U.S. says 8th U.S. death linked to Takata airbag rupture
WASHINGTON (Reuters) -- The National Highway Traffic Safety Administration said today that an eighth U.S. death is linked to a faulty Takata airbag inflator, marking the first reported death since April and the ninth worldwide.
The auto safety agency also said it named a former U.S. Justice Department official to oversee the massive recalls of airbags and the Japanese parts firm's compliance with a settlement.
NHTSA spokesman Gordon Trowbridge told reporters on a conference call that the new death took place in July in a recalled used 2001 Honda Accord coupe near Pittsburgh, Pa. The unidentified teenaged driver was hospitalized after a Takata airbag ruptured and died several days later.
Trowbridge said Honda, Fuji Heavy Industries Ltd.'s Subaru unit, and Mazda Motor Corp. will add an estimated "few hundred thousand vehicles" to the massive recall campaigns based on additional inflator testing and that others may as well.
The expanded recalls include the 2005-2008 Mazda6, 2002-2004 Honda CR-V and 2005-2008 Subaru Legacy and Outback.
Takata's inflators can explode with too much force and spray metal shrapnel into vehicle passenger compartments and are linked to nine deaths and more than 100 injuries.
All of the nine deaths, including the death of a pregnant woman in Malaysia, have been in Honda vehicles.
Reuters reported this month that civil suits involving most airbag deaths have been settled by Takata and Honda. Bloomberg reported today that Honda raised issues about the airbags with Takata officials in July 2009 -- long before the crisis became known to the public.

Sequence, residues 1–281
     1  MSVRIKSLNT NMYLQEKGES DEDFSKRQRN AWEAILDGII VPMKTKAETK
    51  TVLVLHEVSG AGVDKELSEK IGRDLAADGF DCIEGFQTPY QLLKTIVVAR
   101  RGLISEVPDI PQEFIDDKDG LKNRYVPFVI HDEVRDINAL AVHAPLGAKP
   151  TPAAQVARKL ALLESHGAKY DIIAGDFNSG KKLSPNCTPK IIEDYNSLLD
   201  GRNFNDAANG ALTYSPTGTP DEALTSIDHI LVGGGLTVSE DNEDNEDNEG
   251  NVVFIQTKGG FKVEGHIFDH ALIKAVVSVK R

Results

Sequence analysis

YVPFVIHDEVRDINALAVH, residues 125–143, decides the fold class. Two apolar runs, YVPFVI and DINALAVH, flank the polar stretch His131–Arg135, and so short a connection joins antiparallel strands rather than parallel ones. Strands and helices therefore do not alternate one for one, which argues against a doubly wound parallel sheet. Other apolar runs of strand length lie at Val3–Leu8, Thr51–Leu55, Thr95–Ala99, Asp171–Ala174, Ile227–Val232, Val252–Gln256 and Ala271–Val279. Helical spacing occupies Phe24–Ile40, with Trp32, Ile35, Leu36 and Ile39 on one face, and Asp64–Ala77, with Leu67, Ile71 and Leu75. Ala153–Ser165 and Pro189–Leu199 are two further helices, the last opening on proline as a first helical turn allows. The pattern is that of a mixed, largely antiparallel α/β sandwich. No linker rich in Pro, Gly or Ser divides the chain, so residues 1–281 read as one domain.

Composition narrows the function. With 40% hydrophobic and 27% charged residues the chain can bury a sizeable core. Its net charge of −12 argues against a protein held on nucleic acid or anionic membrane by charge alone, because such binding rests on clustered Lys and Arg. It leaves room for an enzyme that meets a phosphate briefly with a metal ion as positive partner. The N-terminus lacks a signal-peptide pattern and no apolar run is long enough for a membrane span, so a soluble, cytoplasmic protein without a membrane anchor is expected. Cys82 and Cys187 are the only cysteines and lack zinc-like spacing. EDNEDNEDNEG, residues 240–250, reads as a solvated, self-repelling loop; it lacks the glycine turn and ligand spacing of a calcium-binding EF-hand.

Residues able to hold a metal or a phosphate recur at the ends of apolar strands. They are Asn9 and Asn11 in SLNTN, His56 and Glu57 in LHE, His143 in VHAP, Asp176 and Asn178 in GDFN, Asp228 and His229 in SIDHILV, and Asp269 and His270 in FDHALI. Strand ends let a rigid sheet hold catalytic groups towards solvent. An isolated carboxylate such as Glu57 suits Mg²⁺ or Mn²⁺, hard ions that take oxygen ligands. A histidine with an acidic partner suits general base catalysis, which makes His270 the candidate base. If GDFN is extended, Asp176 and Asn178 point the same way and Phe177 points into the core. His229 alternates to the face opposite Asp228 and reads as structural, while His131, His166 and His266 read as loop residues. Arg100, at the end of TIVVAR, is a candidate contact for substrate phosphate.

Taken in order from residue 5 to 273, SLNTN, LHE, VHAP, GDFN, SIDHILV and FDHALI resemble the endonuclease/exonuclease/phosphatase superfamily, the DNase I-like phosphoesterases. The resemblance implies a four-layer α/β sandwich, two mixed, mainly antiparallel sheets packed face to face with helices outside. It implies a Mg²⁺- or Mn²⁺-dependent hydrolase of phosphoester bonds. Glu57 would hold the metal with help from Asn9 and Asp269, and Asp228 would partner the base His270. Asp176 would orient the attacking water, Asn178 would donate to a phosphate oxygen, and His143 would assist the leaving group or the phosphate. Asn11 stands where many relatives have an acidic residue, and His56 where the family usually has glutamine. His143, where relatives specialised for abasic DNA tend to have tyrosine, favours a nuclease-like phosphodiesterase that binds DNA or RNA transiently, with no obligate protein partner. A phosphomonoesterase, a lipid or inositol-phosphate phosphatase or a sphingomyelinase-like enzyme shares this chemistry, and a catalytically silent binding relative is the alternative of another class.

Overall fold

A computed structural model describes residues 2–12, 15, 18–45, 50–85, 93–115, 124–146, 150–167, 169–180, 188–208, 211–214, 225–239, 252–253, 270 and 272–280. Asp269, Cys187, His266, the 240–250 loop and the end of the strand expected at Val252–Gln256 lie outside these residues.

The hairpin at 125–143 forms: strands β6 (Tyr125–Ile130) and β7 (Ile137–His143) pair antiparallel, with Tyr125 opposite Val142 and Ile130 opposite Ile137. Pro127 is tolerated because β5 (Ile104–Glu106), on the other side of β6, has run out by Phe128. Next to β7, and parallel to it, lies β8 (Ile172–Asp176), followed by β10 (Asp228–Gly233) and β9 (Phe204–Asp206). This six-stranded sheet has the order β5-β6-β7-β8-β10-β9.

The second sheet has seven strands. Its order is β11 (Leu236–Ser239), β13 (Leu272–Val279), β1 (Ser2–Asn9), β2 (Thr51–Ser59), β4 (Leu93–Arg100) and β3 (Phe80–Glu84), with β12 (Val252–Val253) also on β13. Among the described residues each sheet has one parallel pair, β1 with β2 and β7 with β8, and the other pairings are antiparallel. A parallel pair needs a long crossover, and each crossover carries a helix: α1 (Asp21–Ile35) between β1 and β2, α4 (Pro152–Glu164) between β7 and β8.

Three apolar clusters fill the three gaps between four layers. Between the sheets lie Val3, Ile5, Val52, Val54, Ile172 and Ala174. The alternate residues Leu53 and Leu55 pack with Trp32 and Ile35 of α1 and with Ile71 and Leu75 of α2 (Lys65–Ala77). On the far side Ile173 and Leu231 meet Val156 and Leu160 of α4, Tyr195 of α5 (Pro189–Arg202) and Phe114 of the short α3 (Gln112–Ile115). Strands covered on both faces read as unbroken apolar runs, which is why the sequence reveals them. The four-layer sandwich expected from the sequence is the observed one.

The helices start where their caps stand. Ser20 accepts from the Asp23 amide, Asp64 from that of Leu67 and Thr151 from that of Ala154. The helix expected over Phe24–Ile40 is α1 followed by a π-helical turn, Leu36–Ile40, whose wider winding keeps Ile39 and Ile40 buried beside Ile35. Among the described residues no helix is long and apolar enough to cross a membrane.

Honda said it is working to determine the cause of the death in the latest case. The company said the prior owner first got a recall notice in 2010. Honda said it mailed a new recall notice on July 21, one day before the crash.
NHTSA said a quarter of vehicles recalled have been fixed, including a third of vehicles in high-humidity areas, where automakers believe the risk is highest for ruptures.
NHTSA said it named John Buretta, a former official in the Justice Department's criminal division to serve as independent monitor overseeing the Takata recalls.
In November, Takata agreed to pay a $70 million fine for safety violations and could face deferred penalties of up to $130 million under a NHTSA settlement.
“For years, Takata has built and sold defective products, refused to acknowledge the defect, and failed to provide full information to NHTSA, its customers or the public,” Transportation Secretary Anthony Foxx said when the penalties were announced. “This has been a mess and today DOT is stepping in to clean up the mess.”
The monitor will help regulators oversee one of the biggest and most complex safety recalls in U.S. automotive history, encompassing 23 million airbag inflators in 19 million vehicles manufactured by 12 car companies.
In November, NHTSA acted to accelerate the recalls under an unprecedented coordination plan that requires Takata to complete recalls for the most at-risk vehicles by the end of 2017.
Takata said in a statement Buretta "would have our full cooperation and support."
Two U.S. senators, Edward Markey, D-Mass., and Richard Blumenthal, D-Conn., praised the appointment, but said it is "largely required because NHTSA has moved too slowly and ineptly for years, allowing a patchwork of recalls." They also want all vehicles with possibly defective airbags recalled.